Though this is told against the backdrop of a dark part of Chinese history, any child coping with separation from a loved one may find comfort in this story. (author's note) (Picture book. 5-8)

-Kirkus Review
… (mais)
CDJLibrary | 53 outras críticas | Apr 2, 2024 |
Ji-li Jiang turned twelve in 1966, the year The Cultural Revolution began. She was an excellent student and lived with her parents, two siblings, and grandmother in one room in Shanghai. At first, she joyfully embraces the new revolutionary mandates and dreams of becoming a Red Guard. When Chairman Mao instructs the country to sweep out the Fourolds (old ideas, old culture, old customs, and old habits), she joins in readily. When this is followed by sweeping educational reforms, and she has to denounce her teachers, she becomes uncertain. Then her family is attacked, and she must make even tougher decisions about whether to be loyal to family, tainted by a landowning grandfather who died when her father was seven, or remain an "educable" child.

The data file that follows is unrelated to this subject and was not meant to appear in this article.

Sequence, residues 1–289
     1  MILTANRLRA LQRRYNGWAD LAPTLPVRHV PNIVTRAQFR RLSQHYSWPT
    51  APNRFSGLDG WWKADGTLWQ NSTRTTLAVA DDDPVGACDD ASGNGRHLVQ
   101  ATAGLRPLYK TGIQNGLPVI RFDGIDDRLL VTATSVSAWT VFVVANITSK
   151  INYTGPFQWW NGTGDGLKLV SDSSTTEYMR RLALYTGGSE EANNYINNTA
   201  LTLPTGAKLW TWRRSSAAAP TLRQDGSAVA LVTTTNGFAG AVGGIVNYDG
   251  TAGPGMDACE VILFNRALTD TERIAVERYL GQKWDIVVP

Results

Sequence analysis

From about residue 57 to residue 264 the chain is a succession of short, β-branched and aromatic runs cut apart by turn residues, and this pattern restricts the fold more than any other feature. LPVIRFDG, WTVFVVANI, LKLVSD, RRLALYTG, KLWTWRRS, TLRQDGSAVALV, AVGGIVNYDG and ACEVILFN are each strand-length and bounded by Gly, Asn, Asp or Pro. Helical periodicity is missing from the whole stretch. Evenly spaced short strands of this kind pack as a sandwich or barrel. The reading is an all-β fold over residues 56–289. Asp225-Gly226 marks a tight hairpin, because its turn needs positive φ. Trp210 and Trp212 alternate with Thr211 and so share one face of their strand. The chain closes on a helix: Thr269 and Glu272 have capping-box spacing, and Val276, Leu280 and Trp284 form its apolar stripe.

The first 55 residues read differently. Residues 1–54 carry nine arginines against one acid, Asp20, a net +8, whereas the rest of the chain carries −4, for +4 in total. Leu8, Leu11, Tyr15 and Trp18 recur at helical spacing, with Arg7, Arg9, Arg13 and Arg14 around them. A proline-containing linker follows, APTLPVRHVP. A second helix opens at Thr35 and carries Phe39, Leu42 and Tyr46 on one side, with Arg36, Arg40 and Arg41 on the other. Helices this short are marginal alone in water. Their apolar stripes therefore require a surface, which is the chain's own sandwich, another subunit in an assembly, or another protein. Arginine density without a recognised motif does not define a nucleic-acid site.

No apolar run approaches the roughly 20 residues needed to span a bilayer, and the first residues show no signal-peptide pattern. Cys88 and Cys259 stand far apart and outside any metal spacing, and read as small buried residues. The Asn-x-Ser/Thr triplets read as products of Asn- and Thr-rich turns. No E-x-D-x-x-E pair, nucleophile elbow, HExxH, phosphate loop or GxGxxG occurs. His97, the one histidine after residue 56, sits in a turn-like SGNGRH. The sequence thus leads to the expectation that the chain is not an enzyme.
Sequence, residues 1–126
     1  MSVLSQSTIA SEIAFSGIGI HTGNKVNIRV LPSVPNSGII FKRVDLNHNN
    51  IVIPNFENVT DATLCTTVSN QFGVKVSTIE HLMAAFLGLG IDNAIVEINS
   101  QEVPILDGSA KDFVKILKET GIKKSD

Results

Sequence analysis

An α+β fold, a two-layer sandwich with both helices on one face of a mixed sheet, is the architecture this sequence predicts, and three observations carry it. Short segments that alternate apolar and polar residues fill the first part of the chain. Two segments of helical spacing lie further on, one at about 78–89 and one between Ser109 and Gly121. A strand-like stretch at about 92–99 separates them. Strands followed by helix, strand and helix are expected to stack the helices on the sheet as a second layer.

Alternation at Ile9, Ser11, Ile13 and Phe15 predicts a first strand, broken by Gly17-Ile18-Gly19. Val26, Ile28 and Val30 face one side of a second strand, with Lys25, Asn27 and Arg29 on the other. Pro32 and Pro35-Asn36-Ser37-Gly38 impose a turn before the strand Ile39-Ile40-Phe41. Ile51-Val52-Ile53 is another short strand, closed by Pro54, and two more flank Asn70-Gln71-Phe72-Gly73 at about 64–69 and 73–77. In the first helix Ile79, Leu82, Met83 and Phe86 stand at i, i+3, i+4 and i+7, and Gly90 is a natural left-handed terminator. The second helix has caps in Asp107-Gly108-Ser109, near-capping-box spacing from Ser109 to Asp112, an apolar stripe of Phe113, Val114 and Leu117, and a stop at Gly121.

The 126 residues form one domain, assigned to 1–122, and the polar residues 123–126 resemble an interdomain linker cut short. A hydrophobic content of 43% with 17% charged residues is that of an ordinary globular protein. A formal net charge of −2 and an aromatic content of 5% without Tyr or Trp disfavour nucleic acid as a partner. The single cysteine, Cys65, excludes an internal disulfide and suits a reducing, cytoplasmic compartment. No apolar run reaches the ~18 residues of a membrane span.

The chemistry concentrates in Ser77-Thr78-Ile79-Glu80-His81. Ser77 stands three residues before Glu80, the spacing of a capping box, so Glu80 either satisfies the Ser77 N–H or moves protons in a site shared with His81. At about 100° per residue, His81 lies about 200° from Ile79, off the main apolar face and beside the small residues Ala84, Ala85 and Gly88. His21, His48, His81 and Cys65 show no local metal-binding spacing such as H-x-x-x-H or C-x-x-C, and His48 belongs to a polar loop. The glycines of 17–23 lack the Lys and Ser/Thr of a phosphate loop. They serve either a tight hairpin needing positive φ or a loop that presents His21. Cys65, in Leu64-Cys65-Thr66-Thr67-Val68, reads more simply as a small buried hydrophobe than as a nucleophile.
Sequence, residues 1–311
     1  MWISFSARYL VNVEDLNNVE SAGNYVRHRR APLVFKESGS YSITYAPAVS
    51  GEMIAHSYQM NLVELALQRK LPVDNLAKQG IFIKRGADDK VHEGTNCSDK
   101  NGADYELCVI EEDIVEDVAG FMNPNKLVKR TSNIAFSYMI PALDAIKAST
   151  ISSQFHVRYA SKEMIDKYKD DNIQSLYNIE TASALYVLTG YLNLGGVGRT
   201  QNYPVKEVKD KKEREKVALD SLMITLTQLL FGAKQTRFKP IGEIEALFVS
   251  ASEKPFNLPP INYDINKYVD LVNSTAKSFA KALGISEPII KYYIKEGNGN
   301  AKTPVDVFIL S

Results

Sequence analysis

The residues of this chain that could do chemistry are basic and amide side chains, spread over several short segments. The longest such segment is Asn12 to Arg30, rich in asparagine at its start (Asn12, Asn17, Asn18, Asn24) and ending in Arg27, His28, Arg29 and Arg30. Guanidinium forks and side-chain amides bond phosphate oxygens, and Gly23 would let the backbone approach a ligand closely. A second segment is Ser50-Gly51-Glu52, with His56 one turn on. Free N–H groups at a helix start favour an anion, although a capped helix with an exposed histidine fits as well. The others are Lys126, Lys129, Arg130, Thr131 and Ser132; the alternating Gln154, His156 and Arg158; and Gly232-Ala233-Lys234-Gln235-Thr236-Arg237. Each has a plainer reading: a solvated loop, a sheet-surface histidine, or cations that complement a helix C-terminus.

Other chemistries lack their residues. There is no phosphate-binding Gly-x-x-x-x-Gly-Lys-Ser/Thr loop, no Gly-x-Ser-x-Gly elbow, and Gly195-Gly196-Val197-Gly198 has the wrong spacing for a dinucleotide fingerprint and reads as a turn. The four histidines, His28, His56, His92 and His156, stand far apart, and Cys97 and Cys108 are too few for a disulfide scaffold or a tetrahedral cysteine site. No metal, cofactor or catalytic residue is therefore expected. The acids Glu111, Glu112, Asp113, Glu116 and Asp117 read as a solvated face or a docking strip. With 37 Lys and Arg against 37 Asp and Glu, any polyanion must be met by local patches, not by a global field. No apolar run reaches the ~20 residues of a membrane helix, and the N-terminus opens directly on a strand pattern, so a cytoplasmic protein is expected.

The author grew up in Shanghai, but moved to the United States when she was thirty. She wrote this book in the hopes of helping Americans understand China a bit more. Because the audience is for middle school or high school students, the book is written simply, but it remains a powerful story. I was surprised at the extent to which elementary aged students were embroiled in the work of the revolution (writing propaganda or da-zi-bao posters, participating in study groups and struggle sessions, and working on rural farms during the summer). It was interesting seeing Ji-li evolve from being a unquestioning follower as she experiences more of life during the Cultural Revolution. It was also interesting to see traces of her family's Muslim faith appear during times of stress. Her afterward provides updates on the fates of several of her schoolfriends, as well as her family, after the book ends in 1968. There is a helpful glossary as well.
… (mais)
labfs39 | 58 outras críticas | Mar 9, 2024 |